Tuesday, 23 May 2017

Mother and child bond

Verwante prent

The mother-child bond – care and nurture
Compiled by Yolandi Singleton: Supervisor – Assessments and Therapy Unit
May 2017


During this month (May), we celebrated and saluted the mothers of South Africa who manage to find their way to be a mother, despite the realities of poverty, unemployment, traffic, work stress, challenging intimate relationships and the rush to run a household, amongst many other “monsters” in their lives.

We see how difficult it is for mothers today to give their full attention to providing care and to nurture their children. These difficulties often include their inability to bond with their children. Mothers find it difficult to bond, often due to their own mothers being emotionally and physically unavailable to them during their childhood.

In South Africa we see how communities suffer due to the absence of strong male figures in families and the mothers then need to play both roles, leaving them distressed to fulfil the needs of their children.

In order to comprehend a child’s natural need to be cared and nurtured for by his mother, it is important to understand the biology behind it. When a mother is, pregnant there is, a mucous tissue called Wharton’s jelly within the umbilical cord that has a protective function for the foetus. Additionally, inside the womb there is a liquid called the amniotic sac that also has the function to protect the foetus. In other words, a child default need to be protected, cared for and nurtured develops due to the nature of the mother’s body providing them with that need even before birth.  After birth, it is essential that a mother shows affection to her baby, by holding the baby 15cm away from her face. Remember, a baby’s sight is limited. When a mother regularly touches her baby it creates a warm and secure relationship, setting the necessary foundation for the baby to grow as a confident young child and adult.

Now you may ask, how do I care and nurture my child? The answer is easy and yet quite challenging, but remains a conscious choice. Every child has the need to feel loved which means that a parent should spend time with them on their developmental level. By doing that, they will feel cared for. They also have the need to feel acknowledged by complimenting them and acknowledging attempts made by them. Show them you believe in them and get rid of the criticism. Show interest in the things they are interested in by being in line with the latest trends. Just imagine that you come home, telling your 13 year old child about a cool new app that might interest them. Really listen to them when they tell you something that is important to them. If you do not listen, they will lose interest in telling you things when they grow older. If they feel sad about something, just sit with them and resist the temptation to always be ready with advice. Maybe they just need your presence and time, so put that cell phone and tablet away. Set realistic boundaries for them. They will not understand the essence of it now, but when they grow older they will. Remember, we are not raising children, but future adults.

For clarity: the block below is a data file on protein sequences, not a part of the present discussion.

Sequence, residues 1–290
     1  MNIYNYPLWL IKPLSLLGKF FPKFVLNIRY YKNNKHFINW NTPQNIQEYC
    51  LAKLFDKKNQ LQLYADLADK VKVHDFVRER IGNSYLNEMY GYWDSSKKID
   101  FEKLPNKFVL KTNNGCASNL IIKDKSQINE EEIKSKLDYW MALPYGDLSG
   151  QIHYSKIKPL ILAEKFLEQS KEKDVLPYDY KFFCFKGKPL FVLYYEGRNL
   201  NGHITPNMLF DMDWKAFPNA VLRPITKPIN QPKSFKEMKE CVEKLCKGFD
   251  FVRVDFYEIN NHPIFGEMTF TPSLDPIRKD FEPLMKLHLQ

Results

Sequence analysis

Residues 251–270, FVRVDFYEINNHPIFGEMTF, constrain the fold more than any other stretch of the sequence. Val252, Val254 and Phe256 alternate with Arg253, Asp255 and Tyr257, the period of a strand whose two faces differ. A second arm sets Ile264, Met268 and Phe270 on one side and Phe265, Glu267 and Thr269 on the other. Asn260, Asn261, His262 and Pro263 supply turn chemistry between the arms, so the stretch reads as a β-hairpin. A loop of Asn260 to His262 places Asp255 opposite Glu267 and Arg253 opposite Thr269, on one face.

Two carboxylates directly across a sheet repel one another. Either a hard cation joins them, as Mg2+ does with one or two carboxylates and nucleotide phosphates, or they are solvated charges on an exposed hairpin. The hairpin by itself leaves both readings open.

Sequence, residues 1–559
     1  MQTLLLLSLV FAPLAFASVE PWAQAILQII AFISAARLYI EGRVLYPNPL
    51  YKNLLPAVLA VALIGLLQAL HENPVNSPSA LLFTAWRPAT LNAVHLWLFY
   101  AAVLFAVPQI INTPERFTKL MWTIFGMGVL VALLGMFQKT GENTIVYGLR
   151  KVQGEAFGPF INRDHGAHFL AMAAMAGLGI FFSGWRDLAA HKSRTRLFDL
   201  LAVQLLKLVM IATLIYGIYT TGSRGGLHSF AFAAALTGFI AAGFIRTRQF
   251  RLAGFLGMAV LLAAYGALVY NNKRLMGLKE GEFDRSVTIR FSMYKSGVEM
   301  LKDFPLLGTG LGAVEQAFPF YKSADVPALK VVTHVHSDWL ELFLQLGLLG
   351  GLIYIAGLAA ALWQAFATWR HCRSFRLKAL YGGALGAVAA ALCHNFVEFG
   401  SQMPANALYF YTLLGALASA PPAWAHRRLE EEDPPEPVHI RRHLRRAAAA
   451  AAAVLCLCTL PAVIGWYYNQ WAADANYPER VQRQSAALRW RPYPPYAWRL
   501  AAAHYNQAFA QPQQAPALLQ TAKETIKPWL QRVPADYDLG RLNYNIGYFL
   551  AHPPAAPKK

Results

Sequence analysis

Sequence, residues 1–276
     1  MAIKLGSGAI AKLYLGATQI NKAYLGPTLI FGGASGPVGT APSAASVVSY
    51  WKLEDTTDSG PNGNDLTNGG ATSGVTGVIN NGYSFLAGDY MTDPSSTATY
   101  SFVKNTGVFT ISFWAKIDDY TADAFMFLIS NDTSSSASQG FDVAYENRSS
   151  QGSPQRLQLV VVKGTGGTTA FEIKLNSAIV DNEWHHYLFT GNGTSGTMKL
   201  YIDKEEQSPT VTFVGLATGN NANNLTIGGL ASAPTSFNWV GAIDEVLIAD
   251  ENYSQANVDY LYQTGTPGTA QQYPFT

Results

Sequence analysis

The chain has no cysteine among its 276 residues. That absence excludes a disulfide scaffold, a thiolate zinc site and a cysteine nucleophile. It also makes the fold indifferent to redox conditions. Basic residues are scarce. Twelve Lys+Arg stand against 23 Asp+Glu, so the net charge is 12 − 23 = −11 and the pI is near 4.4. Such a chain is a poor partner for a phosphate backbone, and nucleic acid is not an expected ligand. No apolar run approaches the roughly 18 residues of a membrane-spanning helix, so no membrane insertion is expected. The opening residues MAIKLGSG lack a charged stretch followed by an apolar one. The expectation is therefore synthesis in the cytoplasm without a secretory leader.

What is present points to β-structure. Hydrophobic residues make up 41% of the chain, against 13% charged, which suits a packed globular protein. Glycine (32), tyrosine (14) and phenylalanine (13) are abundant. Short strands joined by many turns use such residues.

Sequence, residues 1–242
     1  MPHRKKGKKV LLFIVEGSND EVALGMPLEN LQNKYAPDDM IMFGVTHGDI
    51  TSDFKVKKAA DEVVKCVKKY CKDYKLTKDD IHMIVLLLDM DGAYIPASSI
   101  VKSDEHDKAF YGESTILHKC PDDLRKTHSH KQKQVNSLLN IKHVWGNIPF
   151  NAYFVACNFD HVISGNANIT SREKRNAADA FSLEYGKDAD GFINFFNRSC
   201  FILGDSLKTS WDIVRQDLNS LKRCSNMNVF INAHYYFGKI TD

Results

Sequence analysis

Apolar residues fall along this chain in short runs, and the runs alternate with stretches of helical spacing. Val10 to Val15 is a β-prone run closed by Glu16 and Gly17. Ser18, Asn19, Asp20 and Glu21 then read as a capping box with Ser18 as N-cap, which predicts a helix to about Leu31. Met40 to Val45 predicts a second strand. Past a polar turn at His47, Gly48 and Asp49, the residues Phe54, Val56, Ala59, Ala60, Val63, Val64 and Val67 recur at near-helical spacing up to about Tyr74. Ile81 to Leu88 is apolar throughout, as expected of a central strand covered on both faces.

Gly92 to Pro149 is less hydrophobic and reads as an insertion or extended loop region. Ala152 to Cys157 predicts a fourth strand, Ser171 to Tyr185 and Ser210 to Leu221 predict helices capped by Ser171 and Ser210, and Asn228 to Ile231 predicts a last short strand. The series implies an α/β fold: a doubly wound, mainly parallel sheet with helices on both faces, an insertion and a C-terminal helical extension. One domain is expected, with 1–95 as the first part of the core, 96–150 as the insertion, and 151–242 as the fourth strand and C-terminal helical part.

We have seen mothers through our Mama Zama programme engaging with their children through play and touch, leaving the child feel cared and nurtured for. Child Welfare Tshwane’s Family Preservation Programme aims to restore the bond between mothers and small children in order to build stronger adults and communities in the future.

Let us keep on investing time in our children’s lives by caring for them so that one day when they also become parents, they will be empowered to instil the same principles onto their own children. The foundation is in fact the most important segment in a child’s life. If we can achieve that, I believe that South Africa can become a country where there is peace and harmony.